What’s that white butterfly with orange wingtips?

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This is the appropriately named Orange-tip butterfly which is on the wing at the moment. It’s only the male Orange-tip that has orange tips to its forewings and the plainer female can easily be mistaken for either a Small White or Green-veined White butterfly.

However, if the underside of the wings are visible then there is no mistaking the female Orange-tip as she has a subtle green and white marbling on the hindwing that other white butterflies don’t have. See latest Orange-tip species page.

This male, photographed in our garden last week, settled with its wings closed and would have easily been overlooked had it not been seen flying. Only when a bee tried to land on the same flower did it flash the orange tips as a warning that it is unpalatable.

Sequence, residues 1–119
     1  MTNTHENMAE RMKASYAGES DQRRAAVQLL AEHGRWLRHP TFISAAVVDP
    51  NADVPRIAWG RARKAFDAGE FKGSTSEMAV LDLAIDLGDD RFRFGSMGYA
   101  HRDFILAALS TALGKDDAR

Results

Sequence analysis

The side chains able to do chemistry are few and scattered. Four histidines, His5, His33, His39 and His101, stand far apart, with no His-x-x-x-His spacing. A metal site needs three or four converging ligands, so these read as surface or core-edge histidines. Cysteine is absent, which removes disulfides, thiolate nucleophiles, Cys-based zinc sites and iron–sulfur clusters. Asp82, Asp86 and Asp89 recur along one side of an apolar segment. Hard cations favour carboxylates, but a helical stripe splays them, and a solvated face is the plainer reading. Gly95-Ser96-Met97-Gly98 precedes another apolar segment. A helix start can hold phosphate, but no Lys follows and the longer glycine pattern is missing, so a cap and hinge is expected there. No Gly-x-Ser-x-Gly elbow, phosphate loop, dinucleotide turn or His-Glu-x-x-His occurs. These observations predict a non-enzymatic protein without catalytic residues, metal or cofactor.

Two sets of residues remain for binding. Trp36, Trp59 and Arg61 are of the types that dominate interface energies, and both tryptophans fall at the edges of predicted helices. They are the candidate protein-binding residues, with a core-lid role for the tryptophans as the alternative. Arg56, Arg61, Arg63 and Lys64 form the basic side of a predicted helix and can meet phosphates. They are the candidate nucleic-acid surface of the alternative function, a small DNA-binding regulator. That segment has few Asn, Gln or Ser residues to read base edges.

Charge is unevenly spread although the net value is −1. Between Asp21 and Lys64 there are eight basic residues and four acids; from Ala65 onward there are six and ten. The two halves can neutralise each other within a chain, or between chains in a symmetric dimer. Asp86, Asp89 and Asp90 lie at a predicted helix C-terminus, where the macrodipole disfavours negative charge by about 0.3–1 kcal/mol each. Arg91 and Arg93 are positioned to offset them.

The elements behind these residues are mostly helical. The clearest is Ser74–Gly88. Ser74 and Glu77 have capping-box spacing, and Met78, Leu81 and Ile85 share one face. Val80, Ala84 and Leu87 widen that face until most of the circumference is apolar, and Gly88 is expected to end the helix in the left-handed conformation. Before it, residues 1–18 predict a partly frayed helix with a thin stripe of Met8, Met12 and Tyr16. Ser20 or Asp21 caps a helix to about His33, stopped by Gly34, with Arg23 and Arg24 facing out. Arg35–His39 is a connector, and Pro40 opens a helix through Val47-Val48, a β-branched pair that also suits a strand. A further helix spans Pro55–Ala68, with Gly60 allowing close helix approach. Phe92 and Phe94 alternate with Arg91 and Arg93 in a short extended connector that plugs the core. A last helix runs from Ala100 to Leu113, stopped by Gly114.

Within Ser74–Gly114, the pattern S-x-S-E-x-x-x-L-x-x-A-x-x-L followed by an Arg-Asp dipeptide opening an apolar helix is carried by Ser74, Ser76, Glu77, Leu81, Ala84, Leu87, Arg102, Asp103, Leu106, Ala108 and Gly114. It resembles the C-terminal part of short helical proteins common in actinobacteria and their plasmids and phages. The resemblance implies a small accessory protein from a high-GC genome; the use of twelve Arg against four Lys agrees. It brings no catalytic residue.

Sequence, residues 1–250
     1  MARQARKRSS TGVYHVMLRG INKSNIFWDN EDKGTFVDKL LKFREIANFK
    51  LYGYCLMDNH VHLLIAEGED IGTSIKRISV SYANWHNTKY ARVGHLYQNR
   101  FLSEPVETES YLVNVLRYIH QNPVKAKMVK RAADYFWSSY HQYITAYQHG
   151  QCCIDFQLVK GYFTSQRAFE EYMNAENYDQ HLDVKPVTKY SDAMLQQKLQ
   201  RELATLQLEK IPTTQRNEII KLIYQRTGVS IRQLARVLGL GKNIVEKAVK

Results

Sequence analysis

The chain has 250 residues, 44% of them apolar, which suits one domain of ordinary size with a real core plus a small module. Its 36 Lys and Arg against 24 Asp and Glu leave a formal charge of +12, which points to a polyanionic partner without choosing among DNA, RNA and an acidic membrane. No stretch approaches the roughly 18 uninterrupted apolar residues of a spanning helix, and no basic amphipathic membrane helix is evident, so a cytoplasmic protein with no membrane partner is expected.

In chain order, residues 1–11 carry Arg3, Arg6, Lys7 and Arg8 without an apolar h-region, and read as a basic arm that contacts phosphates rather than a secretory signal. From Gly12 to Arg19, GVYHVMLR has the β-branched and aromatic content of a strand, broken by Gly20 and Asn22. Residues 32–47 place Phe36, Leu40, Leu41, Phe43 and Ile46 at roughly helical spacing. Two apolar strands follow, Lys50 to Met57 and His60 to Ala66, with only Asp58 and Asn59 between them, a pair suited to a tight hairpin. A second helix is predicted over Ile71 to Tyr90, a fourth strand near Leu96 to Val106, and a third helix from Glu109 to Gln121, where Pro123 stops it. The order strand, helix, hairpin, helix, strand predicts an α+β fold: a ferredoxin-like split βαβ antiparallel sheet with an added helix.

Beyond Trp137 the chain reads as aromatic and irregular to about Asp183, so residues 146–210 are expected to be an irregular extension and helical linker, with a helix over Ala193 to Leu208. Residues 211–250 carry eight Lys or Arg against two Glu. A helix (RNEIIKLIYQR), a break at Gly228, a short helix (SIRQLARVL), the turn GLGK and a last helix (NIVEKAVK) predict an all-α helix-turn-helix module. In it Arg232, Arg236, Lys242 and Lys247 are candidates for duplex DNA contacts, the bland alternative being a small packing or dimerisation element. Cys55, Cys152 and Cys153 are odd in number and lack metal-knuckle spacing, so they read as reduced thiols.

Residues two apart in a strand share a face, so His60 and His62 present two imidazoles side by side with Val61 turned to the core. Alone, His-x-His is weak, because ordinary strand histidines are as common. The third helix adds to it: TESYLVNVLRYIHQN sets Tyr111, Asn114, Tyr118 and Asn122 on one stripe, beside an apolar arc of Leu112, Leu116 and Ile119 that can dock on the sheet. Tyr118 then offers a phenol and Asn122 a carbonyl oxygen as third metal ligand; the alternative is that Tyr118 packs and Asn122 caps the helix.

Insight into Orange-tip (Anthocharis cardamines): commonly seen throughout much of the UK between April and June with an occasional small second generation in late August/September, it can be found in a wide variety of habitats including along hedgerows, the edge of woodlands, on uncut roadside verges and in gardens.

Single orange eggs are laid on a plants such as Cuckooflower, Garlic Mustard and other crucifers. Eggs and caterpillars are featured on the latest Orange-tip species page.

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